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Turn Used Cooking Oil into Biodiesel

Biodiesel is a more environmentally friendly alternative to conventional diesel, as it is derived from recycled vegetable oils and fats from waste rather than being a direct derivative of petroleum. Diesel engines can run on biodiesel fuel without needing modifications, and both are equivalent in energy efficiency and fuel economy.

Commercial establishments with kitchens, such as hotels, restaurants, and cafeterias (Horeca sector), are required by law to recycle their waste oil. Although individuals can also do so by going to mobile or fixed points in their localities, the biofuel industry in our country is mainly supplied by the Horeca sector. To dispose of this waste, the industry must turn to authorized waste managers such as Fatsgreen, who take care of the collection, transport, and shipment to biofuel production plants.


Once at the plant, used oils are heated to remove any water they may contain. They must then be filtered to remove as much solid food debris as possible. Filtering is carried out in several stages—the first consists of a vibrating sieve that prevents the passage of the larger pieces. A second sieve collects the smaller particles. Although the oil may appear clean to the naked eye after two stages of filtration, it may still contain microscopic debris that must be removed in the third stage. In this stage, the oil passes through several filters capable of retaining debris smaller than one micron.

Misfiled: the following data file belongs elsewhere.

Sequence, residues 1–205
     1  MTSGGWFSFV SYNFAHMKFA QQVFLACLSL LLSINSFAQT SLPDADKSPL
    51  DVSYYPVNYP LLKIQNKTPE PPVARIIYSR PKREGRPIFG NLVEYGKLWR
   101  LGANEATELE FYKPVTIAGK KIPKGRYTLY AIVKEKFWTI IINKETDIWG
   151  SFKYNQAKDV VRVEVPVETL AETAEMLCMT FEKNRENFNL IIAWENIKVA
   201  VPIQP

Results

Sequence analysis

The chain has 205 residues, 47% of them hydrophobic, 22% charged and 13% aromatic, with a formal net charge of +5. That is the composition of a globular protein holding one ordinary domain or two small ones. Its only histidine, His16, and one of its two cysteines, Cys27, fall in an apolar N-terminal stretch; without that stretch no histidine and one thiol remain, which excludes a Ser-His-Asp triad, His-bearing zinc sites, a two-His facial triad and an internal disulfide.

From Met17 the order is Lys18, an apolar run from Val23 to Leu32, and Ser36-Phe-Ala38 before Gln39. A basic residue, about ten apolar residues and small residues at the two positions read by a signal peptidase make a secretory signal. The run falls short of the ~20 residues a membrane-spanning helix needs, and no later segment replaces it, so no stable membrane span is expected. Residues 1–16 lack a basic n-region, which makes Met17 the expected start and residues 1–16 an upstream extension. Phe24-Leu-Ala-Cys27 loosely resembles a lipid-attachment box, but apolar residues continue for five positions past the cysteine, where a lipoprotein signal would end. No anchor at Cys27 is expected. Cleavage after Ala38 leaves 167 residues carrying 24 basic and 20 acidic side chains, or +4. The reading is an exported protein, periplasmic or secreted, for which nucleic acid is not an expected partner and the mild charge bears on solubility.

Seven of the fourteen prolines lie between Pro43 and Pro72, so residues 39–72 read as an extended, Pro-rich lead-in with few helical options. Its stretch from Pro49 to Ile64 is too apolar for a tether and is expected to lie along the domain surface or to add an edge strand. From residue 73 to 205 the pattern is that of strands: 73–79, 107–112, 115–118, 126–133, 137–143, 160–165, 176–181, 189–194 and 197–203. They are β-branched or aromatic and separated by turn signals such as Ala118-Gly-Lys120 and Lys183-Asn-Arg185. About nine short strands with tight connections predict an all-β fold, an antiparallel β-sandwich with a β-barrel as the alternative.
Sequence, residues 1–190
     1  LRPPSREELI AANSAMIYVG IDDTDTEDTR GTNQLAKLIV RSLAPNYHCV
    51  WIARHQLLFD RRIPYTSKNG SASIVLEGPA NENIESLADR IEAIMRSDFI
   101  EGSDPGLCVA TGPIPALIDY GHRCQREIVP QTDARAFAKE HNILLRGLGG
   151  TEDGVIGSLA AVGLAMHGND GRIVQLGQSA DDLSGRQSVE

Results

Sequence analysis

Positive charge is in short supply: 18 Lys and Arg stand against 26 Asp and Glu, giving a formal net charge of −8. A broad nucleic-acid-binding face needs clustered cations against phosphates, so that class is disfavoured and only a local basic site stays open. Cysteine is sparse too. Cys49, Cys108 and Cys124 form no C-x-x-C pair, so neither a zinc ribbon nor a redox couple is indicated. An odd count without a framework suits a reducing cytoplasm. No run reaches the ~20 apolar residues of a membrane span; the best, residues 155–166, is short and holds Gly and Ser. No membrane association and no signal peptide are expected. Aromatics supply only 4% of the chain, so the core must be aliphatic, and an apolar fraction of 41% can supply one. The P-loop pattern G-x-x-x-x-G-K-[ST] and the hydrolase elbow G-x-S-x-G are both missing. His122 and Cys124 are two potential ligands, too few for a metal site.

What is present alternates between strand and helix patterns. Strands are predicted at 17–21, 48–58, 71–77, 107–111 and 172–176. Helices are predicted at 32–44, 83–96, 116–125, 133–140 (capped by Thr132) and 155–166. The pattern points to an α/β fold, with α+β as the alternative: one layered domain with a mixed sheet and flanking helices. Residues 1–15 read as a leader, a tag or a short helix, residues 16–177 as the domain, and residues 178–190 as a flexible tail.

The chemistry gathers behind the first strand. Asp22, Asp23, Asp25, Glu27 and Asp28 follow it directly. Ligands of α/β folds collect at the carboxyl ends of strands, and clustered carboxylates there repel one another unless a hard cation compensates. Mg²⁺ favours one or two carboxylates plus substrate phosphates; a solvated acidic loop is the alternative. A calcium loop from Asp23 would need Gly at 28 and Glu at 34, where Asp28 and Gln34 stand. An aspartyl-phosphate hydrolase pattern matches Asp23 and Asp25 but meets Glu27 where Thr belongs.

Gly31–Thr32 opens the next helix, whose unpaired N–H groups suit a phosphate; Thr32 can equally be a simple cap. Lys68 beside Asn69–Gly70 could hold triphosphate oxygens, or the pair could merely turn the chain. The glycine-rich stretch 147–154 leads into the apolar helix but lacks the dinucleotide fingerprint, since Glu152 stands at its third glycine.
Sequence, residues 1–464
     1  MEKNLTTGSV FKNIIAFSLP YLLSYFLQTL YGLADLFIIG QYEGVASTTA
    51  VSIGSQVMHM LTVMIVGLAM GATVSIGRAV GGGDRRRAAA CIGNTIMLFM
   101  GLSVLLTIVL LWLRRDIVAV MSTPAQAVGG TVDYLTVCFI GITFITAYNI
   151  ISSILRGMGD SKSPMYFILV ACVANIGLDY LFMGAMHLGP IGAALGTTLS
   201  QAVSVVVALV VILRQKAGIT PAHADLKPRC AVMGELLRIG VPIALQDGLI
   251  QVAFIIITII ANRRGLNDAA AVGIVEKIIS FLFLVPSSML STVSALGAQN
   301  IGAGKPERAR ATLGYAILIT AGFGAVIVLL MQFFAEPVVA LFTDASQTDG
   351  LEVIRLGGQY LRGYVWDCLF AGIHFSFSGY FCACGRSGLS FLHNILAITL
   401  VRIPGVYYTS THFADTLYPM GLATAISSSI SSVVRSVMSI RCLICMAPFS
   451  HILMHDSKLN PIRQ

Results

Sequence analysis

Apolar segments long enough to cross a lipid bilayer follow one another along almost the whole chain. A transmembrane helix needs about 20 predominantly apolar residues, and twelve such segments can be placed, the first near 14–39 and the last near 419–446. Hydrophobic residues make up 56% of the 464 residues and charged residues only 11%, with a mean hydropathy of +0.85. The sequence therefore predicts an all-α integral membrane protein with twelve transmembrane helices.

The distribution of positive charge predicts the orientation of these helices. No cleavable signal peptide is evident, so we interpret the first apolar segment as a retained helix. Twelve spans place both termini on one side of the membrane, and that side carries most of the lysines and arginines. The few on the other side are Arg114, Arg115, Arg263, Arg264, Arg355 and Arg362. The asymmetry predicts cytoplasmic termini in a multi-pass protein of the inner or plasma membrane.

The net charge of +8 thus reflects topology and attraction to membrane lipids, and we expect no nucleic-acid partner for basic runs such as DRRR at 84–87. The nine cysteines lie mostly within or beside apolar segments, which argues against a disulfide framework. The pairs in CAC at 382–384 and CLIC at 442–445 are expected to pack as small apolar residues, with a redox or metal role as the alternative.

The result is called "feed cargo," which can, in turn, be mixed with animal or vegetable fats from agriculture. This resulting oil is combined with methanol, known as wood alcohol or methyl alcohol (CH3-OH), along with a catalyst to trigger the chemical reaction. The reaction occurs at a controlled pressure and temperature, resulting in glycerin and biofuel. Glycerin, among other uses, can end up in our bars of soap. Biofuel, on the other hand, must undergo quality control.


You have to check whether the result is optimal, and a flammability test is carried out. To do this, the fuel is heated to 135ºC, and a flame is applied to it to see if it burns. If it does, the biodiesel must continue to react to remove more methanol. If not, biofuel is ready to fuel our engines.




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